CORRUPTION IN NIGERIA: A Nation’s Albatross Part 1



Corruption is a canker worm that has eaten deep into the nations moral and socio-political structure. If corruption were to be personalised, it would be either of the sexes of any age, possessing a certain charm that would endear any gullible one easily just as an erotically stirred male to a willing female in heat.

This analogy has been applied simply to describe the susceptibility of ‘man’ to the infectiousness of corruption.

According to the advanced leaners dictionary, corruption has been defined as “dishonest or illegal behaviour especially of people in authority”.

Another definition describes corruption as “the act or effect of making somebody change from moral to immoral standard of behaviour.”

The above description is aptly associated with this discourse and strongly applies to the thematic content of the text. Corruption therefore as a concept can be said to be ambiguous.

It has been variously applied in parlances that has manifested to a common and univeral meaning viz, corruption is meant to be negative and unnacceptable to the virtuous minded, if within this text there is such a one indeed.

Corruption has permeated deeply into the mainstream of societal life and it is an issue that has over the course of time been more or less inter-related mostly with the political and corporate structure of nations.

The world over, corruption is no stranger and is thus not peculiar to under developed {or is it developing?} nations in their various socio-political and economic strata cum status. Further still it is as old as man and had even played out in the biblical ‘garden of Eden’ the beginning of time.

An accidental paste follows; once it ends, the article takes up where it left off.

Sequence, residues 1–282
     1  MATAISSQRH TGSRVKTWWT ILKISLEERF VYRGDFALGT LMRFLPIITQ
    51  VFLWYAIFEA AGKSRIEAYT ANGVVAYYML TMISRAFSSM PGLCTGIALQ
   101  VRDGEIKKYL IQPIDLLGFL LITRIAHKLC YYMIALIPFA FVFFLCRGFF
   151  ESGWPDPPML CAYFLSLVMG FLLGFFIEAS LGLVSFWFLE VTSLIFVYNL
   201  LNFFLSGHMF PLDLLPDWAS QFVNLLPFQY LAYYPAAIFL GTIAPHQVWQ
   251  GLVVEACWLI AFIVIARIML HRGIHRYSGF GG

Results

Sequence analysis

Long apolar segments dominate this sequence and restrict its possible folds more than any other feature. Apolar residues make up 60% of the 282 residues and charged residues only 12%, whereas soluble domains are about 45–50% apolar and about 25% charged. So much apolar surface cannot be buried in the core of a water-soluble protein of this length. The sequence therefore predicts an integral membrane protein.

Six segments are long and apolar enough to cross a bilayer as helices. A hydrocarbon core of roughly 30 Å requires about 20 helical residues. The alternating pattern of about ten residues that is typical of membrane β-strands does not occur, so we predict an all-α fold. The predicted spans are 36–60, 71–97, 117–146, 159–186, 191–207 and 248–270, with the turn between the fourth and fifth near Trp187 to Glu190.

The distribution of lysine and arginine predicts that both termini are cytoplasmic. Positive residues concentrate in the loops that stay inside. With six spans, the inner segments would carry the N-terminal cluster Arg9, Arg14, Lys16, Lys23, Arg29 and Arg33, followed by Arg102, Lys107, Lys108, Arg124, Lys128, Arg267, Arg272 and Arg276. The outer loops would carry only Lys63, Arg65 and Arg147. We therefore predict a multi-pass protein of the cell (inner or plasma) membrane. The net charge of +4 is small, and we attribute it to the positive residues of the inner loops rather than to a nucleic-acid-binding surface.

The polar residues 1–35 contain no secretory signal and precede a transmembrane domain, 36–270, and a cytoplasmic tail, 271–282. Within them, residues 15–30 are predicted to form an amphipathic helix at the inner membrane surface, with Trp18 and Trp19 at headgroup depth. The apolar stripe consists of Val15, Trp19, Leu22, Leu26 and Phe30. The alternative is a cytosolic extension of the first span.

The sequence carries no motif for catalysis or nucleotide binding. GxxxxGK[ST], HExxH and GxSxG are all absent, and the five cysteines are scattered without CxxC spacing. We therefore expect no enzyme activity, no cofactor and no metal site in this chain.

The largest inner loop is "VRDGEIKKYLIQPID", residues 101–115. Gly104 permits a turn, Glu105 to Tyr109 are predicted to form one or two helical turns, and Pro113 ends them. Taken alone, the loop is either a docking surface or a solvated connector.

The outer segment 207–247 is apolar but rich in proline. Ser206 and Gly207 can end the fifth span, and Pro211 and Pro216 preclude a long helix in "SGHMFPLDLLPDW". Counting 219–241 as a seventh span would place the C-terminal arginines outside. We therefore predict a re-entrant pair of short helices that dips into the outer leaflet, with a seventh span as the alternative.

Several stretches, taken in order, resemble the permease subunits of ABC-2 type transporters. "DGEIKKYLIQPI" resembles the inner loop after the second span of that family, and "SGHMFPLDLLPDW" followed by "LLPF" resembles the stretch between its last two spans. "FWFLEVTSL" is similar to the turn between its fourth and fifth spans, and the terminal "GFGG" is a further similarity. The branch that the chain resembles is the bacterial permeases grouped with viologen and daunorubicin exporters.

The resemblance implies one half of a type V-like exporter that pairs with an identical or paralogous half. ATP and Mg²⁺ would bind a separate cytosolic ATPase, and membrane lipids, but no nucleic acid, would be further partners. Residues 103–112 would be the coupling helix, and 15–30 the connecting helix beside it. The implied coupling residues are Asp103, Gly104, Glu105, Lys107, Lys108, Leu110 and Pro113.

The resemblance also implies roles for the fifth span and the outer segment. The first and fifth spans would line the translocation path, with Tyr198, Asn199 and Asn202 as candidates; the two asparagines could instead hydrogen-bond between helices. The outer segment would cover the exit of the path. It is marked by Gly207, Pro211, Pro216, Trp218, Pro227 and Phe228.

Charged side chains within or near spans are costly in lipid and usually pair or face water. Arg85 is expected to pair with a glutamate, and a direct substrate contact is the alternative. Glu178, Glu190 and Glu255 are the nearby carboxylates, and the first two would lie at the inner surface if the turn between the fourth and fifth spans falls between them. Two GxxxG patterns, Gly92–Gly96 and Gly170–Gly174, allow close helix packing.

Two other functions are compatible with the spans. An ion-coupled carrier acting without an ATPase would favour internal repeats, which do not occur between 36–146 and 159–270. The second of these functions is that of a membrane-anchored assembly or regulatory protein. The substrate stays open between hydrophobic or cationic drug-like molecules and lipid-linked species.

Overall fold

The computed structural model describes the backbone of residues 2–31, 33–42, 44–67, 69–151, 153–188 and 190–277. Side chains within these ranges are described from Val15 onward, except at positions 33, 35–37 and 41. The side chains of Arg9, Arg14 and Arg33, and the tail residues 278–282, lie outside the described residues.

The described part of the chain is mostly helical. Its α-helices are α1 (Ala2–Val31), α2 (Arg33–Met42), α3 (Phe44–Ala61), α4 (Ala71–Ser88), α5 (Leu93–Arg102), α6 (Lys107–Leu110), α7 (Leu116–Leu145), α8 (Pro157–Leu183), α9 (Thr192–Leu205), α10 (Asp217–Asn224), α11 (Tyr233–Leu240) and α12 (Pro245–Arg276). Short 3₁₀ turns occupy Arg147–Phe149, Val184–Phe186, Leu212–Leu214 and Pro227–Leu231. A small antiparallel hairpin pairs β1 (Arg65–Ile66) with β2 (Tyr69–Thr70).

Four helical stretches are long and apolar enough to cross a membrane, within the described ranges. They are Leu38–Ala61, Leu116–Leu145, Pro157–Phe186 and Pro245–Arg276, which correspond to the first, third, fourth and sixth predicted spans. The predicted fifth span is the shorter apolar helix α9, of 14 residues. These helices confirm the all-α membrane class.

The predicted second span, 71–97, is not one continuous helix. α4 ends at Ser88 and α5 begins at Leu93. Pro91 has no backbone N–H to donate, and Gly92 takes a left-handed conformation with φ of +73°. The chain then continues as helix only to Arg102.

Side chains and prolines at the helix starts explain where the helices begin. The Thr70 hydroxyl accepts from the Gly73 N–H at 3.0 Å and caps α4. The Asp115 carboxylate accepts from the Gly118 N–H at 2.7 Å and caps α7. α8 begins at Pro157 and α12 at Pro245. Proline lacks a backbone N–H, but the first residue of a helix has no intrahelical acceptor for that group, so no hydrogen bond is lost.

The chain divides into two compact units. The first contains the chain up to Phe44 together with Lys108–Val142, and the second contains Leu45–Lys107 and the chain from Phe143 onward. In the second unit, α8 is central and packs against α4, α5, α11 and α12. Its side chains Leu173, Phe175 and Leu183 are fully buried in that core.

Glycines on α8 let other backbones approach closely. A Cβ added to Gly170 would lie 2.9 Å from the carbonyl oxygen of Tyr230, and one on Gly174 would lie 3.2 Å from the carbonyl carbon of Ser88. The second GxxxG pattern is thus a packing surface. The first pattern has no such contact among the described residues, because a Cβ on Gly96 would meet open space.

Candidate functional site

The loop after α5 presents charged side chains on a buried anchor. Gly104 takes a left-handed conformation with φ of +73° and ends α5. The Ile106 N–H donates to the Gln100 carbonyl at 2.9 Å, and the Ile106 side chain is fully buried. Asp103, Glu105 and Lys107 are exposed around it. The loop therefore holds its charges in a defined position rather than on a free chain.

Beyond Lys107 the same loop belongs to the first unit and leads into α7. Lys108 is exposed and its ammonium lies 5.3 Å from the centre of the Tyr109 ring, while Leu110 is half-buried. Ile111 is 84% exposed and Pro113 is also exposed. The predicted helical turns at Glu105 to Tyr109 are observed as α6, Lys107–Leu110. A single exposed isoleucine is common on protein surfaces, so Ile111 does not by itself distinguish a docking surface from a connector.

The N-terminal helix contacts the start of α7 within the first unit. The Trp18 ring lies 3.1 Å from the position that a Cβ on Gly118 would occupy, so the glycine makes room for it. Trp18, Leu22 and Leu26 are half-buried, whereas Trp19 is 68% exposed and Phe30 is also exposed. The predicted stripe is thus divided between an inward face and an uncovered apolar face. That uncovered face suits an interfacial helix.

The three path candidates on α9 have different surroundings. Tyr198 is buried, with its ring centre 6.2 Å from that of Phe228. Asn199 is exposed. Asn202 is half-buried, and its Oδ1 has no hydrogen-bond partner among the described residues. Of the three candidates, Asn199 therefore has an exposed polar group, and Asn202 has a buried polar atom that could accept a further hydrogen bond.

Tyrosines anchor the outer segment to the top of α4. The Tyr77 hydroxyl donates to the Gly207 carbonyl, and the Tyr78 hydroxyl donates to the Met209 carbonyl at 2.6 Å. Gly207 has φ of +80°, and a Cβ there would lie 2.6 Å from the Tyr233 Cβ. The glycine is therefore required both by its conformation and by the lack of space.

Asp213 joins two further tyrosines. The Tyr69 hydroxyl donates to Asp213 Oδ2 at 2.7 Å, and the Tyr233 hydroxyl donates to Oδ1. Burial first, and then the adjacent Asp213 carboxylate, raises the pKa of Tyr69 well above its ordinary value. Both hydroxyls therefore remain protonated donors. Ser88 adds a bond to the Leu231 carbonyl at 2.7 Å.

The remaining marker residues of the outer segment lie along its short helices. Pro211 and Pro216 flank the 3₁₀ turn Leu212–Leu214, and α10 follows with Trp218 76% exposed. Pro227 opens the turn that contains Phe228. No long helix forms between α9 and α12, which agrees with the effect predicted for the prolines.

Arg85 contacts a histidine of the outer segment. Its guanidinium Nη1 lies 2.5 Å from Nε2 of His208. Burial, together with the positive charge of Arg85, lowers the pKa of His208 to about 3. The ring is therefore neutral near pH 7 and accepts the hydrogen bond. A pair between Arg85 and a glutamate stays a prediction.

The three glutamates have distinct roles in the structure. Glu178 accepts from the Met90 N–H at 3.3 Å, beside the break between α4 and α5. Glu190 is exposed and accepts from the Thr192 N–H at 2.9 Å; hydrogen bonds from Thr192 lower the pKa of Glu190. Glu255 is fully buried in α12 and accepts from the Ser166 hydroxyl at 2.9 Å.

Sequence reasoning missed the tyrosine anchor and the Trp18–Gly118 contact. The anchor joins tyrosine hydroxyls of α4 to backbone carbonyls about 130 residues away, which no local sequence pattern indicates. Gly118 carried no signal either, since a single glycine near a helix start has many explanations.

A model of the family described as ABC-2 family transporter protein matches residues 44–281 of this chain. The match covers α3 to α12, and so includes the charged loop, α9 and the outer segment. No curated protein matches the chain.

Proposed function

As defined before, it is an act that transforms the morality in one into immorality.

A lot of historical antecedents has revealed the existence of corruption since ancient times viz; Babylon the great that was so frought with corruption and many other vices which inevitably served as a catalyst for its eventual fall.

Prophet Mohammed’s (SAS) religious resurgence in 600 CE against the ‘infidel’ authorities in Arabia,similar to Uthman Dan Fodio’s 19th century jihad, had a historical relationship with the Hebrew zealotry of 33 BCE in Palestine against the Romans. This was prompted by the flagrant exhibition of corruption by the citizens and authorities of Arabia and more recently, Northern Nigeria as it were with Uthman Dan Fodios jihad of the 19th century.

Gratifications in monetary form were demanded by the royal court officials in ancient China, from people who sought audience with the emperor for whatsoever reasons.

The afore attempts to establish the ‘omnipresence’ of corruption globally as it is both yesterday and today.

In pre-colonial Nigeria, when the ‘white man’ did trading with the local and tribal chiefs, “dash” was given to the local middlemen by the Europeans.

This ‘dash’ was meant to commit them in certain sharp practices which were against the principles of free and legitimate trade then. This is what the so called abolitionists and advocates of free trade did to compromise their sincerity.

By bribing the local middle men to facilitate their interests through their commercial fronts, the British colonial government compromised their principles of legitimacy. This any way is a discourse for another day.

It is pertinent therefore to appraise the gains and pains of the struggle so far in stamping out curruption nationally and globally.

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